The Great War: Myth and Memory is based on Dan Todman’s PhD thesis and looks at the changing perceptions of the Great War from 1918 until the present day.
There are seven chapters dealing with: mud, death, donkeys, futility, poets, veterans and modem memory.
Chapter three on 'Donkeys' is particularly illuminating. The author concentrates on the changing reputation of Field Marshal Haig, who after 1918 was seen in a fairly positive light, largely due to his work with the British Legion which culminated in an outpouring of public grief at his funeral in 1928. However, the author charts Haig's reputation after that through novels such as C. S. Forester's The General, the memoirs of Lloyd George and Winston Churchill and the numerous writings of Basil Liddell Hart.
Great War Generals are also put into the context of the Second World War where generals were much more media conscious. Haig's reputation was associated with David Low's cartoon character Colonel Blimp which was given a wider audience with the film The Life and Death of Colonel Blimp (1943).
The author then considers the 1960s with the Alan Clark's The Donkeys, the stage and film production of Oh What a Lovely War, and the BBC television series The Great War. Through this medium as the author contends: 'It was in the twenty years after the 1960s that the representation of its generals as donkeys became so dominant that it stopped being disputed'. This is shown by the public enjoyment of television series such as The Monocled Mutineer (1986) and Blackadder Goes Forth and epitomised in 1996 with the reaction to the well researched and balanced Timewatch documentary Douglas Haig: The Unknown Soldier which led to hate mail being received by the one of the military historians defending Haig's reputation.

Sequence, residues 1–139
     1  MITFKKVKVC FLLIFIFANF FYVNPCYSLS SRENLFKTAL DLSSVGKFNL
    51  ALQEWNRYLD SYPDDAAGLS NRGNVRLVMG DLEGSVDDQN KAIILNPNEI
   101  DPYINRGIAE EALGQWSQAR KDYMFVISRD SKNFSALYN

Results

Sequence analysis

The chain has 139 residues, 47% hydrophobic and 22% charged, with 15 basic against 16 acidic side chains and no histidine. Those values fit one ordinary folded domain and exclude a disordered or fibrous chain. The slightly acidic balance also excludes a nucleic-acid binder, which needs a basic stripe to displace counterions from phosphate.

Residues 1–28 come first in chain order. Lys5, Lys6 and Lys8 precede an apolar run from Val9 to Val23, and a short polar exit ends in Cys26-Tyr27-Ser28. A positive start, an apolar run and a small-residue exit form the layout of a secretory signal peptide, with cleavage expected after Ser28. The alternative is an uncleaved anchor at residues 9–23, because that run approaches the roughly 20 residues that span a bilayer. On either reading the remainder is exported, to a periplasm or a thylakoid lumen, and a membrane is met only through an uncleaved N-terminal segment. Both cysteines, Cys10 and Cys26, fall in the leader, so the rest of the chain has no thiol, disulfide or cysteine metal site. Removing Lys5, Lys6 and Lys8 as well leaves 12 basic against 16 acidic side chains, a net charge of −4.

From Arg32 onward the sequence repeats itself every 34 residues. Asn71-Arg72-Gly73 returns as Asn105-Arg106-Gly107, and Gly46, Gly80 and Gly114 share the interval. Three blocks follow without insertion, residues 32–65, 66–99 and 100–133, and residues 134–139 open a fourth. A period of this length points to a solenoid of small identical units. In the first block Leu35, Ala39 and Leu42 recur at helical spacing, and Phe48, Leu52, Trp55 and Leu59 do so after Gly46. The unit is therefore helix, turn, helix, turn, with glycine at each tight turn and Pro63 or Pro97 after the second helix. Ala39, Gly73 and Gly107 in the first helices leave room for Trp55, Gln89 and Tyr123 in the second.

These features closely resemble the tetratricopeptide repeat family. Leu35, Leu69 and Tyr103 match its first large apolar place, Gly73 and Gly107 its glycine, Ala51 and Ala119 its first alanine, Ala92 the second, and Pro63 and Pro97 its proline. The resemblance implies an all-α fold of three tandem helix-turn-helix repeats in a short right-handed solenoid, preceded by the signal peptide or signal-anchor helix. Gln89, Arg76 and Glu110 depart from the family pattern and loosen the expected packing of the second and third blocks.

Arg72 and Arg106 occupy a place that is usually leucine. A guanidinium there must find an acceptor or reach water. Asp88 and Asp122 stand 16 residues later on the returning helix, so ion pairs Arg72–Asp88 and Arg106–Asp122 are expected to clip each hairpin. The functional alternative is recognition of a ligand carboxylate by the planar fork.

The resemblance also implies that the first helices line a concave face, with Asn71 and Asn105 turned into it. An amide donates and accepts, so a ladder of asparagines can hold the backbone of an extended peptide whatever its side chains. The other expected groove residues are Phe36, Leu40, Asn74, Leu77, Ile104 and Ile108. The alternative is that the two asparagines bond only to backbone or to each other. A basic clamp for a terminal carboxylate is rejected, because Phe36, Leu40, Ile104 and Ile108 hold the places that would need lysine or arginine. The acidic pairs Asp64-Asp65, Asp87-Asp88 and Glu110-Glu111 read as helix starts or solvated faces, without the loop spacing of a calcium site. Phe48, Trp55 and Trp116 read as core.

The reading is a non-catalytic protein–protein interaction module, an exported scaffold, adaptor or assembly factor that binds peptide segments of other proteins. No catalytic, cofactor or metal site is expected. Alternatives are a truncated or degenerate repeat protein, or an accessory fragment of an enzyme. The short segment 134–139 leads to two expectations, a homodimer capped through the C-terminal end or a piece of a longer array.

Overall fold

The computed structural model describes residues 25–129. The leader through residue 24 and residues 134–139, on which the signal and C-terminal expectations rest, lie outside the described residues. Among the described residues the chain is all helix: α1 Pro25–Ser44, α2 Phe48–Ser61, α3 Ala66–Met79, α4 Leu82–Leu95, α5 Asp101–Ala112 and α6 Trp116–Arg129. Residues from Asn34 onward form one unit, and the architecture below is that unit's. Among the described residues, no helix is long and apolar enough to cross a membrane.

The reasons given for this vilification of Haig and his generals are that they are blamed for the huge casualty figures of the Great War and a continuation of the 'caricature of incompetent officers [that] already existed in popular culture'. Secondly, he comments that the myth remained useful and was reinforced through repetition and finally as the years went on fewer veterans were around to debate the issues so this myth became the dominant one
The next chapter deals with futility, which has become a word synonymous with the Great War, particularly in a literary context. The author shows in historical terms that the war was certainly not futile and was not seen as such by the participants or their relatives up to the Second World War. Again, it was in the 1950s and 1960s that this became a more prevalent view with the publication of some of the above works and the background of the Cold War, until it was taken for granted in the 1990s. The idea of the futility of the Great War is usually epitomised in the national consciousness by the poets and Wilfred Owen in particular. As many commentators have pointed out, Owen was almost unknown at the time of the war and for many years afterwards. The author charts the popularity of Owen which began with the publication of a collection of his poems in 1931 edited by Edmund Blunden, an English professor who championed Owen's poetry to his students and the wider literary world. Works such as Paul Fussell's The Great War and Modern Memory helped continue these myths which the author rightly describes as 'a work of polemic rather than analysis and has to be treated as such'. For as the author contends 'Owen was, and is, a poet for non-combatants'. The book is full of similar interesting insights, and I thoroughly recommend this fascinating work by a military historian who looks at the historiography of the Great War with the added dimension of its cultural history since 1918.
Review by Alan Jeffries
(This review first appeared in Stand To! No.79 April 2007. The journal of The Western Front Association is published three times a year with the archvie of some 115+ editions available to members via their Member Login.)